“Everybody looks to find their niche; as you go through the academy you’re not sure where you’re going to end up. With crisis intervention training and in ERT as a negotiator, that’s where I’ve thrived,” Rzewnicki said.

The situations Rzewnicki finds herself in can vary—from a parent dealing with a missing child to negotiating with a hostage taker, and everything in between. It’s an area that takes a cool demeanor and strong resolve.

“It might be my every day, but it’s not their every day,” Rzewnicki said.

She is also an instructor at the Northern Virginia Criminal Justice Academy in Ashburn for crisis intervention training.  It’s an important area of focus for the department, as the goal is to have 100 percent of its sworn officers finish CIT.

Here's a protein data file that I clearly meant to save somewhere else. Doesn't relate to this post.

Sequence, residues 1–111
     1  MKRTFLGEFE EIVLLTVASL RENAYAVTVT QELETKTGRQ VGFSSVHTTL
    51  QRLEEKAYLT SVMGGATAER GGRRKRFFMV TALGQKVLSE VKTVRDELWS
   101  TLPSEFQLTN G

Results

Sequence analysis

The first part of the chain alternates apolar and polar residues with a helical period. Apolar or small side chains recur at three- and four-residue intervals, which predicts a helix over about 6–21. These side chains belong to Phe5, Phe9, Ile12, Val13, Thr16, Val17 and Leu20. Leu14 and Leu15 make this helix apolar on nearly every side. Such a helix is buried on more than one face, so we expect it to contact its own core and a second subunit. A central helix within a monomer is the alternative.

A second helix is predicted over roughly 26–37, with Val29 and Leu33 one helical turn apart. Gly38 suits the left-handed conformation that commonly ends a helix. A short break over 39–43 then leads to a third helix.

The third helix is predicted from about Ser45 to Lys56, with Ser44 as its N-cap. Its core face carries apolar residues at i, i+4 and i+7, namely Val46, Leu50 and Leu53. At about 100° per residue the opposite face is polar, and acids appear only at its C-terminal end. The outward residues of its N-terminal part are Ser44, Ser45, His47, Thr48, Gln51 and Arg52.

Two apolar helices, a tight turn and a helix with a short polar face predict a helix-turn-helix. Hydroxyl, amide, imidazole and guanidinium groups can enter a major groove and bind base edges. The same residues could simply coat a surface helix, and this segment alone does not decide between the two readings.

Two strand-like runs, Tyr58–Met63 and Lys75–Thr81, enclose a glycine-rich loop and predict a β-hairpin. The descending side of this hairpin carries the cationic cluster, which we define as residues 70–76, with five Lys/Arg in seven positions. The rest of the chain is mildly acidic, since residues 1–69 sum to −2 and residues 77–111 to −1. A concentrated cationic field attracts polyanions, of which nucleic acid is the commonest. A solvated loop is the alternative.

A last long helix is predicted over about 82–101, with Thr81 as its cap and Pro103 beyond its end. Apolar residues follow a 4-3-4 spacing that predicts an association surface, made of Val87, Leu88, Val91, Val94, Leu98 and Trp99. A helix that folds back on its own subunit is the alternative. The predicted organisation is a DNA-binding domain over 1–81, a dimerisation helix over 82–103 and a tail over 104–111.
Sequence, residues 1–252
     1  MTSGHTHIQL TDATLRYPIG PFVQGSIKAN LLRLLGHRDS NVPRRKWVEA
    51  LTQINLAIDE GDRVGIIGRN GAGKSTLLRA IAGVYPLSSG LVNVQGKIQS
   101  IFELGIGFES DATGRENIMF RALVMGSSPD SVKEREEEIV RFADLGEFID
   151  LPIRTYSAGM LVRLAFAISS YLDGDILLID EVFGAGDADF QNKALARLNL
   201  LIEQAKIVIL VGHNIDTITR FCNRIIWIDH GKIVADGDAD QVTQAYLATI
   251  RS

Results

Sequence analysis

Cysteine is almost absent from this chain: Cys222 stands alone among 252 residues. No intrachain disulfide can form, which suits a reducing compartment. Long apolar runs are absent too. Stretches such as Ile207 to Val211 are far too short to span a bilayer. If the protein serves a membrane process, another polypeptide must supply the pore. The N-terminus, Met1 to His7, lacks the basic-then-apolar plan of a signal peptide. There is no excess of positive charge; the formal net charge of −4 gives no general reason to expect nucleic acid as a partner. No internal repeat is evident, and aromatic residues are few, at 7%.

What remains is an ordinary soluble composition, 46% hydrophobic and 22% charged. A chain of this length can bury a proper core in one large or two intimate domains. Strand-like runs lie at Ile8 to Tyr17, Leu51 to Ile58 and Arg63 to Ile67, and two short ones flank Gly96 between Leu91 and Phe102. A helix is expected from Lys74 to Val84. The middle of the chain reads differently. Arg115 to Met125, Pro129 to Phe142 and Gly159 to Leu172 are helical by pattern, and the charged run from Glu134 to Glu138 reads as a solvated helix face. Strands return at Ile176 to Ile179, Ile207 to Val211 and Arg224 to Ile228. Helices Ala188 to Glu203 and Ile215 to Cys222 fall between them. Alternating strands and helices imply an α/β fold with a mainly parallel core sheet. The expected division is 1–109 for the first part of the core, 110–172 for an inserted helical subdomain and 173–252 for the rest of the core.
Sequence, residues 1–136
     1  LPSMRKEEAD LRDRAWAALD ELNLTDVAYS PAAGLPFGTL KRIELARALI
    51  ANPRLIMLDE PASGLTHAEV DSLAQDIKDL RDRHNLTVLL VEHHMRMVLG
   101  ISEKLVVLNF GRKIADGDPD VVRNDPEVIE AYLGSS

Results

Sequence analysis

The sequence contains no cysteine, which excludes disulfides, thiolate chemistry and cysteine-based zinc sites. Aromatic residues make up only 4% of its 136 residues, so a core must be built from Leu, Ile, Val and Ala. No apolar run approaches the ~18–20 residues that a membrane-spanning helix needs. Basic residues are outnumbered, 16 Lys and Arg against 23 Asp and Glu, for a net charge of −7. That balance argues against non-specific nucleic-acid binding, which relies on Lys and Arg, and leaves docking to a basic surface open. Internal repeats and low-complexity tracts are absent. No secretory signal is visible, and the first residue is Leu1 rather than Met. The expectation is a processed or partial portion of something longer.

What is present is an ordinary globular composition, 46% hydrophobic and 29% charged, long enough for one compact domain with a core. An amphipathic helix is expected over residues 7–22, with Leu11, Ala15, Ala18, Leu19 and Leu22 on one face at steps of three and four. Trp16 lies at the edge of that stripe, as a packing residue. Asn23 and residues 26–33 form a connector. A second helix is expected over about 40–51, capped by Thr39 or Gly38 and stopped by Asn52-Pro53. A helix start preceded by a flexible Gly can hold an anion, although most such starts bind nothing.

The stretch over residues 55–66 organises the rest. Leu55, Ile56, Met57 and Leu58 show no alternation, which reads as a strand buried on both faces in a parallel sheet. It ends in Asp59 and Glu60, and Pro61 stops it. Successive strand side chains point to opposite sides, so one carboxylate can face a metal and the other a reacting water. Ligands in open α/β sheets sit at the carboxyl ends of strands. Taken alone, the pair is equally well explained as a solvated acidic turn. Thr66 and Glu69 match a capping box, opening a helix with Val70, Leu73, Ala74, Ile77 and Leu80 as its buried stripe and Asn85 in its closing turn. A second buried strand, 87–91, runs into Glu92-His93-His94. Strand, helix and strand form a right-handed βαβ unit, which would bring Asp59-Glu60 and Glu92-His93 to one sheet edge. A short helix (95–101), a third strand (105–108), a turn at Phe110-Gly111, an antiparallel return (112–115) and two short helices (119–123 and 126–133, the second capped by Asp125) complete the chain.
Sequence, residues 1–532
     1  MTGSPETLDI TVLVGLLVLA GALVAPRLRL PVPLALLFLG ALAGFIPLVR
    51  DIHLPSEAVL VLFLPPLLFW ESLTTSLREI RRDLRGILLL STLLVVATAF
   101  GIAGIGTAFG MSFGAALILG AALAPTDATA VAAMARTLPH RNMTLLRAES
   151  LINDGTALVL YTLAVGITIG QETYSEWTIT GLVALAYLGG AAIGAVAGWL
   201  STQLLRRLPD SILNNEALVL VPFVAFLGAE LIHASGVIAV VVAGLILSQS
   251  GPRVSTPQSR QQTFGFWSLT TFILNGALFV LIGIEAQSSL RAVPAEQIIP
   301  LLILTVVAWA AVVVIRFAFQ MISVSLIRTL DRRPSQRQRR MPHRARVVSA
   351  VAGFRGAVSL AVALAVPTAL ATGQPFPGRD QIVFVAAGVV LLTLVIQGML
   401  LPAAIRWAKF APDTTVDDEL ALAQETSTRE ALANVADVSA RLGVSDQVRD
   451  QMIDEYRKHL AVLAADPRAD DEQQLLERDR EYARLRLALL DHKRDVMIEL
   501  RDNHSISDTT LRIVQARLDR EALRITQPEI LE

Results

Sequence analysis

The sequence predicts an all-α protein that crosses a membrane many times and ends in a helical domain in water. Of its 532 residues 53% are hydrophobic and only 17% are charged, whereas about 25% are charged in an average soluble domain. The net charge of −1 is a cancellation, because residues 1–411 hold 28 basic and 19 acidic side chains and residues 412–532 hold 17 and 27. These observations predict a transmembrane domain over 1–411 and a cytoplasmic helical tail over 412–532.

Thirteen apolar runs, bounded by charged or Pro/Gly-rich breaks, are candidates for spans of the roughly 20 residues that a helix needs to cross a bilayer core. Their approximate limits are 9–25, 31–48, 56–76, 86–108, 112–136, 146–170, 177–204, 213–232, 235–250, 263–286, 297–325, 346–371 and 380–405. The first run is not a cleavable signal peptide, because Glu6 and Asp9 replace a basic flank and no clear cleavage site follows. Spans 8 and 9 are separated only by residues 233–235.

“We’re probably in the 60 percent range of having the department trained. The initiative in Northern Virginia was 40 percent [of trained department officers] and we’re well over that,” Grigsby said.

It’s not altogether surprising that the department is ahead of that benchmark, given its penchant for exceeding the minimum. Nationally, female officers represent one in eight police officers, according to 2013 statistics from the Bureau of Justice. In Leesburg, the department includes 10 female officers out of its current roster of 78, including one in training at the academy, as well as 12 female civilian staff members.

While it is in line with the national standard, it’s a ratio that has made big improvements over the last couple of years. But Brown hopes to do more.

“Law enforcement has evolved more in the last five years than the last 40, and that includes embracing diversity in departments that better reflect the community. When we talk about evolving [as a department] it’s not just technology. It’s how our agencies look internally, and the opportunities that are now given to individuals,” he said.